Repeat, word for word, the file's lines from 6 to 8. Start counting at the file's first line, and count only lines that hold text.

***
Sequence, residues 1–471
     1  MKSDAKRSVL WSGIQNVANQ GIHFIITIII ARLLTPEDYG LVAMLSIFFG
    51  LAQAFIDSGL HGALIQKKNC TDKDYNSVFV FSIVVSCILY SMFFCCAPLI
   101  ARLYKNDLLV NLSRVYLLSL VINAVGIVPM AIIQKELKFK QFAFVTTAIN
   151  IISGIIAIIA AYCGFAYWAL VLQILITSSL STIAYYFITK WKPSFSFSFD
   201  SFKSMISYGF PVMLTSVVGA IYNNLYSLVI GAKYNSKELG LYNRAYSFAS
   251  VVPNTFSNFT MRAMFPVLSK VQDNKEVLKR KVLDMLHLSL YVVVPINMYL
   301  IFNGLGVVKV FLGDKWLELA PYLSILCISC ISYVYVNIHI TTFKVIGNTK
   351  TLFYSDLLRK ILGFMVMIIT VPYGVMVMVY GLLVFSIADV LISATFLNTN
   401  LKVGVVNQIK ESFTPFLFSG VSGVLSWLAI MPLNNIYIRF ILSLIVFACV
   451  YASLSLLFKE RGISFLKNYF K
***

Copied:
   201  SFKSMISYGF PVMLTSVVGA IYNNLYSLVI GAKYNSKELG LYNRAYSFAS
   251  VVPNTFSNFT MRAMFPVLSK VQDNKEVLKR KVLDMLHLSL YVVVPINMYL
   301  IFNGLGVVKV FLGDKWLELA PYLSILCISC ISYVYVNIHI TTFKVIGNTK